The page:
Find out where they traveled to – after the jump!

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A love affair with Hoboken

12/22/2010:

New Hoboken411 contributor: Lara Kaplan Hanson

Lara Kaplan Hanson has been a Hoboken resident for a shade over a year – after jumping from place to place in the NYC tri-state for many years. Since landing here – she’s so in love with our city – and wishes to communicate her happy thoughts via the written word.

So today, let’s introduce you to Lara – and her upcoming periodic column here called “A love affair with Hoboken.”

A Love Affair with Hoboken

Introducing Lara Kaplan Hanson…

“Born and bred along the sunny beaches in Santa Monica, California, I traded coasts in 2000 for the Boogie Down Bronx.

There, I adopted Fordham University’s Rose Hill as my new home. “Why would you move from California to the Bronx?” the confused looks never failed, as they noted my blatant blond hair and fading tan. Answer: I wanted to play D1 basketball, study journalism, and get the hell away from an opposite insanity residing out west.

Fordham was a great school, and I settled into Arthur Avenue’s Little Italy in the Bronx as my first home. Ending all too quickly, my six years of riding the D train at Fordham Road had come to a close. Two degrees later, it was time to hit the subway platform and find a new stop.

Like any kid out of college with dreams of grandeur in NYC, I wanted a Manhattan address. I found the cheapest apartment possible on the Upper West Side, right off the A train’s 181st stop. The tip of Manhattan, called Cabrini Heights to those who paraded airs, known more locally as Washington Heights, offered a slightly different taste. A convergence of old Jewish families, post grads from Columbia University, a trendy gay contingent, and a large mishmash of Puerto Ricans and Dominicans, offered the stereotypical NYC melting pot. However, after a year in the Heights, a landlord I sued for living on my couch, and a boyfriend in Queens who refused to visit, I caved in by moving to Astoria. Astoria, the home away from home for the Greeks, where apartments were big and rent small. Next stop, Broadway and Steinway in A-Town. After two years, I found no redeeming qualities other than the Bohemian Beer Gardens and a few friends I made. I hated Astoria. It was dirty, there were no parks, and the subways were bursting at the seams. Hence, after a long overdue break-up with the boyfriend of five years, it was time to hit NYC’s public transportation again.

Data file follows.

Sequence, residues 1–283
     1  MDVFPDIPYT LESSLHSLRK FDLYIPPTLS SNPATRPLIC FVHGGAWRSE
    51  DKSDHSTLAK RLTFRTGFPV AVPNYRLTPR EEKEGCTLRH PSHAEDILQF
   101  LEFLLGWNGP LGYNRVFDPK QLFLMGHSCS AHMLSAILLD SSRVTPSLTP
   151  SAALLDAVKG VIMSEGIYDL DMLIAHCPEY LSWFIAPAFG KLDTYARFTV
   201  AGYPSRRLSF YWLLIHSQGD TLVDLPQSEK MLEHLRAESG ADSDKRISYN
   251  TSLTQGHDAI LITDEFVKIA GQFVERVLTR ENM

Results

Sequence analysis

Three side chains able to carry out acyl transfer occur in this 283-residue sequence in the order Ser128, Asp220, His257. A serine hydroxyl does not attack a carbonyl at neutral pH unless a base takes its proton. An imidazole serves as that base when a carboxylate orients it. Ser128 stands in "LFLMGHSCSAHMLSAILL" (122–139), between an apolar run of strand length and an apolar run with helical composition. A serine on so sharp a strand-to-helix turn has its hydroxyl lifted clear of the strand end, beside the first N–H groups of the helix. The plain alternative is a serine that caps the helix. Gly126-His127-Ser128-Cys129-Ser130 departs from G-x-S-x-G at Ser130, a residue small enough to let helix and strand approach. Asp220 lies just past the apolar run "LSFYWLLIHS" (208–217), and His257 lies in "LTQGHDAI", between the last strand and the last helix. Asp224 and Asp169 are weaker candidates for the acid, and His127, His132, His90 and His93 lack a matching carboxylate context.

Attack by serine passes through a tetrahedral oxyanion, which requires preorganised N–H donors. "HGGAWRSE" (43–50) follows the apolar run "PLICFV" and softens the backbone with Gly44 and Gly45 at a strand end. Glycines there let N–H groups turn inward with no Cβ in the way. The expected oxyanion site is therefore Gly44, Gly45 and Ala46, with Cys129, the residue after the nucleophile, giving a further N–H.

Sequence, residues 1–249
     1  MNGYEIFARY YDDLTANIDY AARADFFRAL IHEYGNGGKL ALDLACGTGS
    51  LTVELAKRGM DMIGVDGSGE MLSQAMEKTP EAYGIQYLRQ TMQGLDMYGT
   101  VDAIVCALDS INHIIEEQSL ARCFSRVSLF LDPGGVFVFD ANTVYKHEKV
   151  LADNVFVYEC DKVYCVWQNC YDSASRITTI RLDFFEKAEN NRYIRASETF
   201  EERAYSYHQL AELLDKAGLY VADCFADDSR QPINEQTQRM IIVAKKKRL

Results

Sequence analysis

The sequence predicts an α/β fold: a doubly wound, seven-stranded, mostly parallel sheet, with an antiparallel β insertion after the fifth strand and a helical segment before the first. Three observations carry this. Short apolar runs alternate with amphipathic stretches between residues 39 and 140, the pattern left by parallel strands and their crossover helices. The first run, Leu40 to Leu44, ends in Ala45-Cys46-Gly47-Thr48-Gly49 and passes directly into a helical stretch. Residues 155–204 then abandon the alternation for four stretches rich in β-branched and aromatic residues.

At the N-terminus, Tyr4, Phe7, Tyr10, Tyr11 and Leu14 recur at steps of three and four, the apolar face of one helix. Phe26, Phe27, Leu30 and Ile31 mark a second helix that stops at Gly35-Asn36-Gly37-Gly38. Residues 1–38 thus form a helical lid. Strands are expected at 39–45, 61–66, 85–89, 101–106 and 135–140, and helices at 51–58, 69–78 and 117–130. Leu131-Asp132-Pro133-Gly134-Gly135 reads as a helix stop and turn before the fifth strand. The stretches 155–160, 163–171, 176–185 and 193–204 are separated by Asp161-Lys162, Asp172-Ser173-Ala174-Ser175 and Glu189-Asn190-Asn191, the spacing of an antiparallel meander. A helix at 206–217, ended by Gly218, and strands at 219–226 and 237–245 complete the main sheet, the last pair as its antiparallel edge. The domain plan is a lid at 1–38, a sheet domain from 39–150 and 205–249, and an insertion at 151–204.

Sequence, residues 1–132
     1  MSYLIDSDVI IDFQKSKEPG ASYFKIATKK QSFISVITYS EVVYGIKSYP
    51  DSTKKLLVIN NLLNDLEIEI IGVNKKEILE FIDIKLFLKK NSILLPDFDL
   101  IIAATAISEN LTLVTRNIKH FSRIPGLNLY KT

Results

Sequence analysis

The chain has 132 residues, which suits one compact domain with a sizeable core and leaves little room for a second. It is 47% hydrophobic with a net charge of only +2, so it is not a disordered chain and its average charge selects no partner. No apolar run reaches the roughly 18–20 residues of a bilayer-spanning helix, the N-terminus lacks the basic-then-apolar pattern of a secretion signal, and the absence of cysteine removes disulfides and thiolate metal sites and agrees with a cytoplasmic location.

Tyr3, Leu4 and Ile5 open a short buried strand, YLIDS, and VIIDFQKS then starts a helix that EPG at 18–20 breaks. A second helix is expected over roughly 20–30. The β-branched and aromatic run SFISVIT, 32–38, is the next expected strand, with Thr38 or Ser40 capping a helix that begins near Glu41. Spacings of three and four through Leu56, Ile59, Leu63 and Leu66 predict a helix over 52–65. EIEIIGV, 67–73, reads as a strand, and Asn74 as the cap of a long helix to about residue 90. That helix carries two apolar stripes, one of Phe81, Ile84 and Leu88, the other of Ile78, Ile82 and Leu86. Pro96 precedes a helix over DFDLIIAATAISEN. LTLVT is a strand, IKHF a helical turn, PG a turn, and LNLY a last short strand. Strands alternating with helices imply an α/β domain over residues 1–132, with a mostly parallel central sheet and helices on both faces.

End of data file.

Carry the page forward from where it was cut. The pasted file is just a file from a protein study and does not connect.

I had lived in three boroughs in eight years, I thought completing the Big Apple adventure in Brooklyn or Staten Island might make sense. But, after hearing the SI accents, and scoffing at the idea of squeezing into skinny jeans and getting a f**ked up haircut with a move to Williamsburg, I was stuck.

Where would I go next?

Hoboken it is!

It was nearing 4th of July, 2009, and with the Frying Pan closed for a private party, I searched for options. It was determined by my posse that Manhattan parks would be too crowded. With locals leaving for the Hamptons, and the outer borough degenerates invading, I asked everybody I knew for suggestions. The word on the street: New Jersey, and the city of Hoboken seemed to linger in the air. What was this Hoboken place? And, how did one get to New Jersey? Upon further research, I discovered something called The PATH, and my maiden voyage was underway.

Hence began my love affair with the Home of Baseball, the Birthplace of Frank Sinatra, the set for one of my favorite movies: On the Waterfront, and a new residence. Today, after a year of living in the Mile Squared, I would have to say there is more love than hate in this affair; the constant intrigue of festivals, bar/restaurant openings, new friends and random discoveries, my love affair with Hoboken continues…

Stay tuned: Lara has a timely “Holiday” post for you all tomorrow!